Everyone wants clean air. Air that is free of dust, pollen, mold and odors is much more pleasant than that which is not. Air ionizers appear to be a promising product that may help homeowners achieve clean air in the home. Some ionizers are even sold as refrigerator refreshers. Whether or not these ionizers actually work is not that easy to determine.
How They Work
The Internet is replete with positive and negative reviews of these ionizers. The reality is that ionizers at least work in a limited capacity. The way that the ionizer works is that it uses negative ion generators to attract particulates from the air, creating air that is free of these particles. These particulates usually include dust, dander and other airborne substances that cause allergies and odor. Ionizers in refrigerators do this in a limited capacity in so far as these are in the refrigerated air.
Assessing the usefulness of an air ionizer in a refrigerator ultimately depends on the model and its features. Some ionizers are basically useless because they have no fan to circulate the air through the system. The air needs to be circulated across the negative ionizer to change the charge of the particulates. Some ionizers simply trap dust and pollen with no real affect on the remaining air. Ionizers do not typically remove odor from the air though, so the reality is that those in refrigerators will have little to no effect.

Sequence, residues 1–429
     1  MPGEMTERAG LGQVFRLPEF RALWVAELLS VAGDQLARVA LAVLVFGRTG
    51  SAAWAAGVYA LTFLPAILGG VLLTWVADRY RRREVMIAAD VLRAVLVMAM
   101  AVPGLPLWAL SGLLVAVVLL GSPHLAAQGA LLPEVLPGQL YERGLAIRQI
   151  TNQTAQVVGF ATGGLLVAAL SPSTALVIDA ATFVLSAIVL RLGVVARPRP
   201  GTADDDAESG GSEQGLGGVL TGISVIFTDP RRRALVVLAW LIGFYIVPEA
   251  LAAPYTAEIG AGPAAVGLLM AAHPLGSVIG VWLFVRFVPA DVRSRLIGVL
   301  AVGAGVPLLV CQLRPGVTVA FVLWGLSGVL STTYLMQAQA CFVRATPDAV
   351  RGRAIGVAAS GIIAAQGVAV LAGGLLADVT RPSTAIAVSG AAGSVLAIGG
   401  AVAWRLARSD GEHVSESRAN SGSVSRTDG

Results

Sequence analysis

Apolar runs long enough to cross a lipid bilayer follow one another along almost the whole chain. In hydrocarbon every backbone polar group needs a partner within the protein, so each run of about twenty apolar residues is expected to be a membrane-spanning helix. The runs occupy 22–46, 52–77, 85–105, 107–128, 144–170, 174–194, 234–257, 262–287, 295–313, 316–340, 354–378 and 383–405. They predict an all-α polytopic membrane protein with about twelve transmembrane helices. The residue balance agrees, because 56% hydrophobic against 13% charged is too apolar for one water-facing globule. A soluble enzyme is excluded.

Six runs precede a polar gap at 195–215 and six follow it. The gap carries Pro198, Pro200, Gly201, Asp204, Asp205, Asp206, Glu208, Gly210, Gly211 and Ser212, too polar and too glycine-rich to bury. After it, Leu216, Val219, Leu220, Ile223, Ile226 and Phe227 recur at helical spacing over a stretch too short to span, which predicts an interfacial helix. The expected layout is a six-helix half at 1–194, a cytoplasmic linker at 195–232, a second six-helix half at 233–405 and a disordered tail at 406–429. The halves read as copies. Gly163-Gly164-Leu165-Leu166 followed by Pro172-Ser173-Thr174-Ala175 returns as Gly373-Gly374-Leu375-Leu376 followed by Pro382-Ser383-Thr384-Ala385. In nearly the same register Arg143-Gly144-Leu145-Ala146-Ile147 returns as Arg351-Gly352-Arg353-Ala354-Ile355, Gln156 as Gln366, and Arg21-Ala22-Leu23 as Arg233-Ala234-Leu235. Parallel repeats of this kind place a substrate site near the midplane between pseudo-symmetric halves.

Negative ion generators that also produce small discrete amounts of ozone are more likely to have an effect on the air quality in the refrigerator. Ozone has a refreshing quality that helps to eliminate some of the existing odors. Ozone is usually created with a small amount of ultraviolet radiation. Some maintain that ozone is toxic, however, so it is best to carefully weigh your options before buying an ionizer.
The concentration of ozone appears to be directly related to its toxicity, according to the Environmental Protection Agency. The problem with refrigerator air ionizers is that they produce such a low, non-toxic level of ozone that they are ineffective in removing various air contaminants such as mold and bacteria. The overall sense that you get when reading the EPA's website and other Internet review websites is that these ionizers generally promise more than they can actually deliver.
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